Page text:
Simplicity, Complexity, Unexpectedness, Cognition, Probability, Information

by Jean-Louis Dessalles     (created 31 December 2008, updated April 2016)

Logic and generation complexity

Consequences are no more complex to generate than their causes.

Generation complexity captures the causal part that people attribute to probability. Generation complexity is mush more natural to people than probability (Saillenfest & Dessalles, 20015). When people face series of choice points, they estimate the complexity of reaching a specific outcome, without being able to translate their estimate into a probability value. Conversely, many studies have shown that people are bad at taking probabilistic value as input in their reasoning and decisions (see Saillenfest & Dessalles, 2015).

The most spectacular situation in which generation complexity appears more natural than probability can be seen when we want to define independence. This concepts is traditionally defined using probability (P( B) = P(A) × P(B)). This may make sense when probabilities come from statistics, but not when we deal with unique events or when we seek for explanations behind statical dependence. In both cases, causal reasoning is needed. This is what generation complexity offers.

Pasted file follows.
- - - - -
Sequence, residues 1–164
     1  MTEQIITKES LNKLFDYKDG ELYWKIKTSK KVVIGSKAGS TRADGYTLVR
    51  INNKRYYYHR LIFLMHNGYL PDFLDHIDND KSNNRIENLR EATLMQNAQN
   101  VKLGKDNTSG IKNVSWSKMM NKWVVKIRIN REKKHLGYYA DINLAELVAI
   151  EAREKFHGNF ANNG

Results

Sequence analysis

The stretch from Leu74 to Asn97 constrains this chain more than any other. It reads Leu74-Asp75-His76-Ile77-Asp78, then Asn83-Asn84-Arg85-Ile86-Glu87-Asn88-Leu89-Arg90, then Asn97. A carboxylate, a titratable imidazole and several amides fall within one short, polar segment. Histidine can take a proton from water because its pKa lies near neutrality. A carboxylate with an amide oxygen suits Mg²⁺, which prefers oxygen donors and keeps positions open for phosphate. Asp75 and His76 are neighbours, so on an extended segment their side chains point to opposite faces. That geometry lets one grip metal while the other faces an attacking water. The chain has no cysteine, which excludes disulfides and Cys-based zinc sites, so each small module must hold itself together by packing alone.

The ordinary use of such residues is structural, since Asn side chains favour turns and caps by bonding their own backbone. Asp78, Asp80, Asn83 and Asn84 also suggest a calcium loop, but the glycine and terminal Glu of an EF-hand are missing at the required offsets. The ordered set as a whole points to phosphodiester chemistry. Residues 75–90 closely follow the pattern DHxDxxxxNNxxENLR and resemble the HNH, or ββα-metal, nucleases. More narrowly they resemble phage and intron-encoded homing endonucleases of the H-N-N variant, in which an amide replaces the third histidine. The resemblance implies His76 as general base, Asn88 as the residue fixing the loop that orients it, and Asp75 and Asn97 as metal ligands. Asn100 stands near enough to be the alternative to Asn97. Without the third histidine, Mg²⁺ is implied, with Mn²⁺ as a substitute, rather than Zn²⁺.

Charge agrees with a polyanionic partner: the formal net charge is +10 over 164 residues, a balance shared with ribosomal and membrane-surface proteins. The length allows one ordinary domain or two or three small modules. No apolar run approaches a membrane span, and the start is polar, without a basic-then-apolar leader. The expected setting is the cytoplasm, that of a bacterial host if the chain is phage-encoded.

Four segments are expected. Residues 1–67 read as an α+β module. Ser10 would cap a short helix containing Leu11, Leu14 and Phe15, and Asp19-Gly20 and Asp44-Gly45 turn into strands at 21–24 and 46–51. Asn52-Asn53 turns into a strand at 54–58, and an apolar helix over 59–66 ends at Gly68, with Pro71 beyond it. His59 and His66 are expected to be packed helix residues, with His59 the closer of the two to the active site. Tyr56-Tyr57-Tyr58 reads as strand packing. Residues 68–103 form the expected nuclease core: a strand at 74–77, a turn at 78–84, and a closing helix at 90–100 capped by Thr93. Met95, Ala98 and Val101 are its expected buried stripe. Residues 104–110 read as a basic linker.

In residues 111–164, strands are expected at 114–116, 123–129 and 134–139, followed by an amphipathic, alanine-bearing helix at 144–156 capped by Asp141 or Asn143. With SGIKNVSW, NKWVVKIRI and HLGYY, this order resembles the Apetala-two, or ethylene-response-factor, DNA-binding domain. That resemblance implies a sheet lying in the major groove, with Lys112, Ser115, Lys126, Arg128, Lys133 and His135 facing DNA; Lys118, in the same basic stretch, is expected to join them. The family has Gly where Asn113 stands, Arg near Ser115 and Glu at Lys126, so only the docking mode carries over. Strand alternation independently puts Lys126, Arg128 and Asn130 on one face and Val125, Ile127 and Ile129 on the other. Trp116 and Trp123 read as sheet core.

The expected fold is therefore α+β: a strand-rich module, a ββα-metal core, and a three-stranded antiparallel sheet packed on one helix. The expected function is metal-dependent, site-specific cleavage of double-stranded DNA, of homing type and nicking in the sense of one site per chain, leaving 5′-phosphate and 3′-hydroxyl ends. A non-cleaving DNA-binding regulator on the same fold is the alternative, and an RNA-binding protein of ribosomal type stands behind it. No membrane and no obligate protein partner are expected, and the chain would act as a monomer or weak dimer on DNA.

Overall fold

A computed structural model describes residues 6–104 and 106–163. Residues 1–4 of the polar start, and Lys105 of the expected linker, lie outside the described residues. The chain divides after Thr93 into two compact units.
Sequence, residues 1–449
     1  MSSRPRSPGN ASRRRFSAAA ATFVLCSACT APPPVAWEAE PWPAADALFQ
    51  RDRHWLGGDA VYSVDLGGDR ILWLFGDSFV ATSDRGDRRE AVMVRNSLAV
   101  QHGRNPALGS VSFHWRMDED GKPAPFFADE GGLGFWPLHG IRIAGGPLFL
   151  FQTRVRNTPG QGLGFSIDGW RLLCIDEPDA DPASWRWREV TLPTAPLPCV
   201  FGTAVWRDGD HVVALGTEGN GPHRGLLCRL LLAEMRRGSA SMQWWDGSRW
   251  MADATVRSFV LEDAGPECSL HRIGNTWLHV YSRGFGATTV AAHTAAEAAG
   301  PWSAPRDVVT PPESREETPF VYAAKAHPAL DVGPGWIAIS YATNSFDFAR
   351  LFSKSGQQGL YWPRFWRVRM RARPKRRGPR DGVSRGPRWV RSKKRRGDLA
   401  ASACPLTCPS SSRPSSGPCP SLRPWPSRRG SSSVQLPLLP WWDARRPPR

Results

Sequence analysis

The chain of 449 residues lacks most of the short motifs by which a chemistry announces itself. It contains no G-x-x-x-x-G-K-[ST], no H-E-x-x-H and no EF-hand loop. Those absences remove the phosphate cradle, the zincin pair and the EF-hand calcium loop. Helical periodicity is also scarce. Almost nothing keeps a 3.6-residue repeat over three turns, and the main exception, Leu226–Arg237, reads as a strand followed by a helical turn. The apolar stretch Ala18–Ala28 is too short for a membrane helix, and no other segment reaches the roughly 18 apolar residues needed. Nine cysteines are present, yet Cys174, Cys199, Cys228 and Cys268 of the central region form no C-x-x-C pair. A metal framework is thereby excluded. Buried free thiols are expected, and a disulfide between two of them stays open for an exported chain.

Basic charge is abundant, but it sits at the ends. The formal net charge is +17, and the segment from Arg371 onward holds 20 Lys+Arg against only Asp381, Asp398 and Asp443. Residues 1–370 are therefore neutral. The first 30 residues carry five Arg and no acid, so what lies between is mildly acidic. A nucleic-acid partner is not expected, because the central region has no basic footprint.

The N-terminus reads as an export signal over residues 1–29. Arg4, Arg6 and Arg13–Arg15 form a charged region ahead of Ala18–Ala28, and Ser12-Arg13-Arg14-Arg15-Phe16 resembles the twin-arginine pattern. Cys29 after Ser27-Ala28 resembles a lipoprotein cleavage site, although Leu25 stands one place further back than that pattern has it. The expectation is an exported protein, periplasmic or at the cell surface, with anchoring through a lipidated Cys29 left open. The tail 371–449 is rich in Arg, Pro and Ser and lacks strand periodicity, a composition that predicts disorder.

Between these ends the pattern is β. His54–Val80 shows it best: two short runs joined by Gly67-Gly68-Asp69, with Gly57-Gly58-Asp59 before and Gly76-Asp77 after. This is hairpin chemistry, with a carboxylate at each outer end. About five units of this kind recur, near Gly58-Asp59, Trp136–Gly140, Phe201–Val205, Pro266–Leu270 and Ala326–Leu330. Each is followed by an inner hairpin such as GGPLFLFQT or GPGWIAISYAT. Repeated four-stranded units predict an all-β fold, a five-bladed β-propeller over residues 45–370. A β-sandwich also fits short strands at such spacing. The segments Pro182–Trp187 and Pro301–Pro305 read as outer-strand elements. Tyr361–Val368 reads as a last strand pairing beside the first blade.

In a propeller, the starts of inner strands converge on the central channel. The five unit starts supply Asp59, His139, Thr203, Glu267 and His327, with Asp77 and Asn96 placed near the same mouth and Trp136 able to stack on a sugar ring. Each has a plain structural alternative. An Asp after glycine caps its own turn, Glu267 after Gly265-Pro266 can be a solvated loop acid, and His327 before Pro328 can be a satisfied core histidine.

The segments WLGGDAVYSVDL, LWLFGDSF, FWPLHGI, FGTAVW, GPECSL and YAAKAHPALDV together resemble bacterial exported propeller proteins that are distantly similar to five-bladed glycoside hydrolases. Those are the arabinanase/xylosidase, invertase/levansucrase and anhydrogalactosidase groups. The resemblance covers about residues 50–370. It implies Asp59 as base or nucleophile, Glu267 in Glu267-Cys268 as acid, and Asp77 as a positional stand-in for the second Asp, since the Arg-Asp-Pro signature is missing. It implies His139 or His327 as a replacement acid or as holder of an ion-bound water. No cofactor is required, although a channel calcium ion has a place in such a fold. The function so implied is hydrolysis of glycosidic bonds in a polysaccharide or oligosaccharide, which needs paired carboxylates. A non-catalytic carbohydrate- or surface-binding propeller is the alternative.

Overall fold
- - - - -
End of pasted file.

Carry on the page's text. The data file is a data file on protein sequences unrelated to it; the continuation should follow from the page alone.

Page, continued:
s1 and s1 are independent iff

Cw(s1 & s2) = Cw(s1) + Cw(s2)

This definition of independence is not only closer to common sense, but also can be used to predict phenomena that cannot be derived from probability theory. A good illustration of this is offered by coincidences.

Generation complexity and boolean relations

The following relations are very natural consequence of the definition of Generation complexity.

Cw( b) = min(Cw(a), Cw(b))

w( b) < Cw(a) + Cw(b)

If ( b)then Cw(a) > Cw(b)

Generation complexity and negation

Generation complexity is often obtain through a causal scenario H (see the example of the rabid bat or the example of the running nuns).
If H(s) is the best (i.e. least demanding in parameters) available story that leads to s, then:

Cw(s) = C(H(s))

The mutability of s is usually defined as the propensity to consider that ¬s is true. Using generation complexity, we can define mutability as:

M(s) = – Cw(H(¬s)) = – Cw(¬s)

(note that mutability is always negative).
When H(¬s) is a complex scenario, ¬s is complex to generate and the fact s is not mutable (M(s) << –1). From consequence relation above, we can derive:

If ( b), then M(a) > M(b)


Dessalles, J-L. (2013). Algorithmic simplicity and relevance. In D. L. Dowe (Ed.), Algorithmic probability and friends - LNAI 7070, 119-130. Berlin, D: Springer Verlag.

Saillenfest, A. & Dessalles, J.-L. (2015). Some probability judgments may rely on complexity assessments. Proceedings of the 37th Annual Conference of the Cognitive Science Society, to appear. Austin, TX: Cognitive Science Society.


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